Japanese walker is the final victim of walks official errors
By John Bagratuni Sep 1, 2007, 10:07 GMT
Osaka, Japan - The fifth-place finish of Yuki Yamazaki in the men's 50-kilometres walk on home ground was ruined by local event officials in a final incident around the walks, the world championship organizing committee said on Saturday.
'It was a great mistake, a fatal mistake. I feel very sorry,' said Koji Sakurai, head of the competition commission.
Yamazaki crossed the line in fifth place but it was then revealed that he had walked one lap less than required on the course outside the stadium. Yamazaki, who had long been part of the leader, was then listed as 'did not finish.'
'The athlete went into the stadium one lap too early. We had a guiding mistake, there was not sufficient guidance given by the staff members,' Sakurai said.
Pierre Weis, secretary general of the ruling body IAAF, said that 'we regret what happened,' but didn't want to make too much of it, saying that for instance all women's marathon runners should have had one more lap in the stadium at the Euro 2006 race in Gothenburg.
All three road walks have seen incidents in Osaka.
The previous day, there was confusion early in the women's 20km when the later winner Olga Kaniskina and several others left the stadium one lap too early and had to be chased back in by officials.
'It was a bit weird at the start because there was a man waving a white flag at me so I thought I could go out. I went out and a women waved me back and a couple of others back inside. The white flags kept going up and down,' said Kaniskina.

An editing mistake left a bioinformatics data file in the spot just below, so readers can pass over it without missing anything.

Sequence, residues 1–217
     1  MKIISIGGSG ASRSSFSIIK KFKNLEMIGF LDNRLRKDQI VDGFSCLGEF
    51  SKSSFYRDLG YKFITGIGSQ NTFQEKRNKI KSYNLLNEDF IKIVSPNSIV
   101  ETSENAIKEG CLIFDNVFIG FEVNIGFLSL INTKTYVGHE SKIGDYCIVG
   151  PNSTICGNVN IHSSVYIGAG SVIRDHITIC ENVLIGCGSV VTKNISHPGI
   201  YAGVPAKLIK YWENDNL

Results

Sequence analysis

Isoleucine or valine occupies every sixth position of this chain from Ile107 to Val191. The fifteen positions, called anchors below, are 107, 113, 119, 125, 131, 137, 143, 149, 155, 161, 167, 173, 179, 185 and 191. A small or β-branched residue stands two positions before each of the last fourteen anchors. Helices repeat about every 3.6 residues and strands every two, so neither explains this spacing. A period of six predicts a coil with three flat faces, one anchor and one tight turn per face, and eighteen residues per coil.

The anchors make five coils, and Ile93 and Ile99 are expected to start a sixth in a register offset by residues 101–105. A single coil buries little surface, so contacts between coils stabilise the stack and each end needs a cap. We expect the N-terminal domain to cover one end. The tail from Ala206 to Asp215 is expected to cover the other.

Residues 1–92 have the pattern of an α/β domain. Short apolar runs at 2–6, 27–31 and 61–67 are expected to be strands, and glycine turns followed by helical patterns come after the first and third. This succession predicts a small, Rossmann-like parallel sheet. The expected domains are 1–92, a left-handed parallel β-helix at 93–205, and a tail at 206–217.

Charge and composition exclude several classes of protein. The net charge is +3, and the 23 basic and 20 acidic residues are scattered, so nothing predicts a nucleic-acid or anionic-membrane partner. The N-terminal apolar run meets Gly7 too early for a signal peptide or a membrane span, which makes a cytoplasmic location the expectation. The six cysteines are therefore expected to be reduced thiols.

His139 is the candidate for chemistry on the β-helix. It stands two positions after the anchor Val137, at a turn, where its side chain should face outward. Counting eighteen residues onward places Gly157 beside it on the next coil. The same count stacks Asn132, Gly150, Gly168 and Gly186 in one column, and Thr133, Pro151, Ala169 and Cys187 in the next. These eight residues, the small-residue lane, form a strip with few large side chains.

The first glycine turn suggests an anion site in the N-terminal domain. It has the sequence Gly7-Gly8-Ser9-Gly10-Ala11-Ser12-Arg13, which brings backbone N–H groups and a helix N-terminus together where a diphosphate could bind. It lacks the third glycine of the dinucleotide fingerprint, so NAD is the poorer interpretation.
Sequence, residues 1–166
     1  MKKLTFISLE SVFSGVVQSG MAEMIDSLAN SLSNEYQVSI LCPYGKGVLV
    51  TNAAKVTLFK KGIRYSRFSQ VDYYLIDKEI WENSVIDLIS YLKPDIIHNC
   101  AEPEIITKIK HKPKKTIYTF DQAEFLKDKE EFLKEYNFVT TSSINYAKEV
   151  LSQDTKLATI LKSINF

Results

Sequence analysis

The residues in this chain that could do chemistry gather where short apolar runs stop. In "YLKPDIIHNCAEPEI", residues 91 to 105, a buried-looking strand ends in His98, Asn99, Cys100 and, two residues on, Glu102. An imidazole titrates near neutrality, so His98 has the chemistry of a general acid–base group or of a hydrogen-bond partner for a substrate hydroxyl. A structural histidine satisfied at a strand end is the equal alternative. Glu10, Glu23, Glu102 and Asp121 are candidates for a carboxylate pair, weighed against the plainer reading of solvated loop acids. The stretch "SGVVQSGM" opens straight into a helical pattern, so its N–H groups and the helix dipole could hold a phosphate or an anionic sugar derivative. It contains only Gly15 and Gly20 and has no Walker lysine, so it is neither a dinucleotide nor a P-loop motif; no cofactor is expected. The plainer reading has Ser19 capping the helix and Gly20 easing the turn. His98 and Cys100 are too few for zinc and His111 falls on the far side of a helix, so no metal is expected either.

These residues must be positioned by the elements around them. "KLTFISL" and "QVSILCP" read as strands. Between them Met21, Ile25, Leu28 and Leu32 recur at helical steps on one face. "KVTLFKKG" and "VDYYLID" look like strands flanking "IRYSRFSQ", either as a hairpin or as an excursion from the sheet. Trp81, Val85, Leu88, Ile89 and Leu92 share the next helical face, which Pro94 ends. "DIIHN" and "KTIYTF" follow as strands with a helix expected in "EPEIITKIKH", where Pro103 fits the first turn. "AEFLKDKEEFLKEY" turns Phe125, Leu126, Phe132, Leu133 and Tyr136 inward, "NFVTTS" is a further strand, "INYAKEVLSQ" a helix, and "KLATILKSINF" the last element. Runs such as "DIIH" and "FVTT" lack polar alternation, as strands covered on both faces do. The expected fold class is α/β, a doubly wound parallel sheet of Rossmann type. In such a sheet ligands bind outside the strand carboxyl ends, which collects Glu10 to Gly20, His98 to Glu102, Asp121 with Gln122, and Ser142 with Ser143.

In the men's 20km walk last Sunday, German head coach Juergen Mallow blamed an error by Japanese officials, which forced Andre Hoehne and Australian Luke Adams to walk an extra 100m outside the stadium, for the collapse of his athlete shortly afterwards in gruelling conditions.
'Shortly before the finish Andre and the Australian were lying in third and fourth place. They were then guided in the wrong direction and had to walk an extra 100m. Andre probably suffered a psychic shock from that and collapsed,' said Mallow.
Hoehne collapsed in the stadium with little more than 200m to go and had to be taken to hospital.
Weis said he wasn't aware of that event but also said that no team had lodged protests.
The Japanese, however, are not only organizers to have seen hiccups. At the Rome Golden League meet two months ago, the bell for the final lap was rung one lap too early, leading to plenty of confusion in the end.© 2007 dpa - Deutsche Presse-Agentur